• Lip pimples will reveal their “heads” in time. Heads are the pointed ends where the pus comes out
  • Lip pimples cannot just be popped. Doing so will aggravate it. And adding steroidal medicine to lip pimples (as they are a bacterial infection), may cause it to get worse and most especially if one is allergic to steroidal medicine. This will cause it to develop into an abscess which means one will have to take antibiotics for it to go away

So before you panic about having cold sores and being inflicted with herpes, consult your doctor. There’s no shame in going to the doctor and it’s good that you do so that you know which medicine to use instead of self-medicating.

Now that we know what cold sores are, there’s the next question: how does Lysine treat cold sores? Seeing how cold sores are treated by Lysine goes into a more molecular level as another protein known as Arginine comes into play.

Lysine vs. Arginine: The Battle to Defeat Cold Sores

Cold Sores often get worse due to a protein known as Arginine. Arginine is also naturally produced in the body and is also one of the essential amino acids in building DNA for your cells. When one is afflicted with Herpes Simplex-1 however, the last thing one needs is to have one with too much Arginine. Arginine is an essential amino acid that helps the growth of Herpes Simplex-1!

But this is where Lysine comes into play. Lysine is antagonistic towards Arginine; meaning, Lysine can suppress the effects of Arginine. It also lowers the production of Arginine so, if there’s more Lysine, there’s less Arginine that’s causing the Herpes Simplex-1 to grow. Ergo, it can further heal your Cold Sores and prevent them from coming back for the meantime.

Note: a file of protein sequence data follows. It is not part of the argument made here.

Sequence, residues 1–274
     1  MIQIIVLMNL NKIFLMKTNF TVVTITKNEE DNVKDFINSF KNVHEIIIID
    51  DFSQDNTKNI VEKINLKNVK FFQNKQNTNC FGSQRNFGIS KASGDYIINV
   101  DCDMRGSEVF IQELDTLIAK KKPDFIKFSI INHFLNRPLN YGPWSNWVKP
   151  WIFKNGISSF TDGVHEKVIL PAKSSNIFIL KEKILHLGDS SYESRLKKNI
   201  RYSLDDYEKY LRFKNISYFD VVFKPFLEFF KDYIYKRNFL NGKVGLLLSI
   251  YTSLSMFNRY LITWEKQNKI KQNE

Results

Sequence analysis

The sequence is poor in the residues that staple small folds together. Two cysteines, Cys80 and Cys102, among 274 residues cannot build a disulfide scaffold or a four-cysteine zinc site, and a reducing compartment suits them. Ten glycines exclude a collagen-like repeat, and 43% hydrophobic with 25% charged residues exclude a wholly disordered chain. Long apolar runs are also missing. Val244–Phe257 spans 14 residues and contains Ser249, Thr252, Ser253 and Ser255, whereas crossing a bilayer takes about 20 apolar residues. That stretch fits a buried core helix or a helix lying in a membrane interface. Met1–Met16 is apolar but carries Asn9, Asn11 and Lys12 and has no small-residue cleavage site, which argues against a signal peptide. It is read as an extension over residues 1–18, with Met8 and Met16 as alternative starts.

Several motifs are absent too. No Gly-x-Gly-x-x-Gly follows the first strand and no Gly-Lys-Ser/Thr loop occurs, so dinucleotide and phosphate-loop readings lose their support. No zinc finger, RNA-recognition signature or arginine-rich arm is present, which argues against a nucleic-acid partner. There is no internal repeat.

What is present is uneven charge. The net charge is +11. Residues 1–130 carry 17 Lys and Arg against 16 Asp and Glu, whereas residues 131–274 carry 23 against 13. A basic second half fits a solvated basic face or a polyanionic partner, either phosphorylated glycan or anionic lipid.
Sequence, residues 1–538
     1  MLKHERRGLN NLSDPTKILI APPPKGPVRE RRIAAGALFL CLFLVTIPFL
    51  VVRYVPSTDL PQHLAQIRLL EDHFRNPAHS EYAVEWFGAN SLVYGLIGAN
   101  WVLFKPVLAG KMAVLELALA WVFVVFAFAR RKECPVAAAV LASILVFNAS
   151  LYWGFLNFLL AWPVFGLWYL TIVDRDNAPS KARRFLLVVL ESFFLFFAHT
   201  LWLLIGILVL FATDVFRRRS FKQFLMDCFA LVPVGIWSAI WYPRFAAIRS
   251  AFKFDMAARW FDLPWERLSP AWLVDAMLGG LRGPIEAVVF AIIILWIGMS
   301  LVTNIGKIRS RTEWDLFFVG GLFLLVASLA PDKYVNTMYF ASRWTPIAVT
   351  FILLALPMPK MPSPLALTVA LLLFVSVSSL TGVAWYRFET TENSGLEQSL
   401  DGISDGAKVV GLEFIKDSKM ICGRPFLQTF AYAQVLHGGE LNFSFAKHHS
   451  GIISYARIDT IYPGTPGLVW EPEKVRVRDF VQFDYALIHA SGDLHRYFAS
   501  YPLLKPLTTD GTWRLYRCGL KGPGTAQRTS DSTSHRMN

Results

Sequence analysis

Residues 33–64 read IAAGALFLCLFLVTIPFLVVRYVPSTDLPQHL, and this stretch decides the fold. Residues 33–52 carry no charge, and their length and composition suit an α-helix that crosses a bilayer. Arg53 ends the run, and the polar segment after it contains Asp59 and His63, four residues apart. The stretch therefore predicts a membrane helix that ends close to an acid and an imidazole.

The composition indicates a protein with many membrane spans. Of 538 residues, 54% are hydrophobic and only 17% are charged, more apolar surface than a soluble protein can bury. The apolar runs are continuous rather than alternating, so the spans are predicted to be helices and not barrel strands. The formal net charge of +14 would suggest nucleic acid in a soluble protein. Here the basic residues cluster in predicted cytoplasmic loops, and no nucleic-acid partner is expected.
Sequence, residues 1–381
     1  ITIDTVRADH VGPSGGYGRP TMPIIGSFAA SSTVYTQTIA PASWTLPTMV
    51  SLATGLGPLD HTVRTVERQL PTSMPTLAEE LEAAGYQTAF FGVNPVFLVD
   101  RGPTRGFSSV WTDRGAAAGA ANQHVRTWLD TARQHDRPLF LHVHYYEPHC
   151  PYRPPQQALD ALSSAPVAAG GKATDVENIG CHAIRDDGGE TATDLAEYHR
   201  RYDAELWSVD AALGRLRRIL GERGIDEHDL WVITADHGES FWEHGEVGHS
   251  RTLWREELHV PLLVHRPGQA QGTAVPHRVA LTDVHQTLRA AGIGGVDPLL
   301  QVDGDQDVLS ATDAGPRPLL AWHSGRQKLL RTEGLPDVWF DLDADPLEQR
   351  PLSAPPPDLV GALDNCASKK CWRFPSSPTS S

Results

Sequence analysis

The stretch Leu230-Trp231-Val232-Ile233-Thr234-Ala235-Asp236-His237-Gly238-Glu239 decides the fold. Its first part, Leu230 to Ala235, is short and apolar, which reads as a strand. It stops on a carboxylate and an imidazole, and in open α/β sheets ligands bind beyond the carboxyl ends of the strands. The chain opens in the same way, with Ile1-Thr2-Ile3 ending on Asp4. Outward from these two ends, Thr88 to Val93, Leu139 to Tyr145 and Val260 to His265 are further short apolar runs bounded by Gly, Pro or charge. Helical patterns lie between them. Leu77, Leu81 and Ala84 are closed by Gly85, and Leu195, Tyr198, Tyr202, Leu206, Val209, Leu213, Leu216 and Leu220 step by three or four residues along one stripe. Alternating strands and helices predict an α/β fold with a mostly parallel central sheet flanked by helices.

Lysine also has anti-viral properties which makes it a strong contender against viruses like Herpes Simplex-1.

Where do I get Lysine then?

Asides from the histones from the body, Lysine cannot be naturally produced by the body. When fighting cold sores, a person needs to eat a Lysine rich diet and can also use Lysine-based cream. Another thing the person needs to do is to avoid eating Arginine-rich foods such as Chocolate which may further aggravate the condition. Below are the foods that you need to eat for more Lysine and foods to avoid to lower Arginine.

  • Yogurt
  • Tempeh
  • Soy Milk
  • Fish (recommended: Flounder)
  • Apples
  • Mangoes
  • Apricots
  • Pears
  • Pumpkin Seeds

Source

  • Austic, R. E., & Scott, R. L. (1975). Involvement of food intake in the lysine-arginine antagonism in chicks. The Journal of nutrition, 105(9), 1122-1131.
  • Kelly, S. C., O’Connell, P. J., O’Sullivan, C. K., & Guilbault, G. G. (2000). Development of an interferent free amperometric biosensor for determination of L-lysine in food. Analytica Chimica Acta, 412(1-2), 111-119.
  • Carpenter, K. J. (1960). The estimation of the available lysine in animal-protein foods. Biochemical Journal, 77(3), 604.
  • Singh, B. B., Udani, J., Vinjamury, S. P., Der-Martirosian, C., Gandhi, S., Khorsan, R., … & Singh, V. (2005). Safety and effectiveness of an L-lysine, zinc, and herbal-based product on the treatment of facial and circumoral herpes. Altern Med Rev, 10(2), 123-7.
  • Griffith, R. S., Walsh, D. E., Myrmel, K. H., Thompson, R. W., & Behforooz, A. (1987). Success of L-lysine therapy in frequently recurrent herpes simplex infection. Dermatology, 175(4), 183-190.
  • Griffith, R. S., Norins, A. L., & Kagan, C. (1978). A multicentered study of lysine therapy in herpes simplex infection. Dermatology, 156(5), 257-267.
  • Maggs, D. J., Collins, B. K., Thorne, J. G., & Nasisse, M. P. (2000). Effects of L-lysine and L-arginine on in vitro replication of feline herpesvirus type-1. American Journal of Veterinary Research, 61(12), 1474-1478.